2016 CARGC Distinguished Lecture in Global Communication featuring Mimi Sheller

On the Maintenance of Humanity: Learning from Refugee Mobile Practices
Sheller2016
Date: 
07 Sep 2016 - 5:15pm to 7:30pm
Location: 
Annenberg School for Communication, Room 109
Audience: 
Open to the Public
Type: 
Lecture

Abstract:

This talk presents an ongoing project with the Artistic Lab organized by the Mobile Lives Forum (Paris) based on an ongoing art commission and collaboration between Chinese artist Ai Weiwei, French curator Guillaume Logé, and American social scientist Mimi Sheller. In the midst of the current refugee crisis, Ai Weiwei’s vivid images of people using, charging, and assembling around phones while they cross the Mediterranean to reach Europe’s borders remind us of the fragility of the connections and larger systems we all depend on to make life work every day, but often take for granted. We can use these images to explore urgent issues of humanitarianism and connection in the midst of the global refugee crisis. Mobility seems to always be wedded with communication capacities, almost as if without communication we would cease to be able to move. How would we know our route, our mode of travel, our destination, our options, if we were unable to communicate? How would anyone know where we were? Locating oneself is crucial to being human. Ultimately the refugee is a dis-located person for whom the mobile phone is a locational device that maintains their connection to the world, and in some ways therefore to their own (and to our) humanity.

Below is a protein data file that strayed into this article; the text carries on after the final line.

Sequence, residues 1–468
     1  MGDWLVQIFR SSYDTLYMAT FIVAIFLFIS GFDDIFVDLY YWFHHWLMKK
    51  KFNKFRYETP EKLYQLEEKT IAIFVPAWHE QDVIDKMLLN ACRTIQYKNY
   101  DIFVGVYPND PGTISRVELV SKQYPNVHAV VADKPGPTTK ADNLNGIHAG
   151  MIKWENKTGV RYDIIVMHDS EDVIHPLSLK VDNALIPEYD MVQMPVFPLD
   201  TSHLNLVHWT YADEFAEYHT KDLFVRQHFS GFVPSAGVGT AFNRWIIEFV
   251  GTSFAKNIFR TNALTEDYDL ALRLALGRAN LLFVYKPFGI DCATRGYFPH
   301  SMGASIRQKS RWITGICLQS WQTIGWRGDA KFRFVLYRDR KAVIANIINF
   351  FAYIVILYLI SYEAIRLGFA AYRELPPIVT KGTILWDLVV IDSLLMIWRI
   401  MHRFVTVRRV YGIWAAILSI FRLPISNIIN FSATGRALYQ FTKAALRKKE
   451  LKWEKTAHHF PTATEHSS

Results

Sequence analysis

Biography:

Mimi Sheller, Ph.D., is Professor of Sociology and founding Director of the Center for Mobilities Research and Policy at Drexel University in Philadelphia. She serves on the Scientific Advisory Board of the Mobile Lives Forum and is President of the International Association for the History of Transport, Traffic and Mobility. Her recent books include Citizenship from Below (2012); The Routledge Handbook of Mobilities (2014); Aluminum Dreams: The Making of Light Modernity (2014); Mobility and Locative Media (2015); and L.A. Re.Play: Mobile Network Culture in Place-making (2016). As founding co-editor of the journal Mobilities, Associate Editor of Transfers: Interdisciplinary Journal of Mobility Studies, and co-author with John Urry of several influential articles she helped to establish the “new mobilities paradigm.” 

CARGC will host a cocktail reception for those attending the lecture in the Forum from 5:15 - 6:00 pm.

Please email Marina Krikorian to RSVP.

Featured photo copyright Ai Weiwei.

Disclaimer: 
This event may be photographed and/or video recorded for archival, educational, and related promotional purposes. We also video stream many of these video recordings through the Annenberg web site. By attending or participating in this event, you are giving your consent to be photographed and/or video recorded and you are waiving any and all claims regarding the use of your image by the Annenberg School for Communication. The Annenberg School for Communication, at its discretion, may provide a copy of the photos/footage upon written request.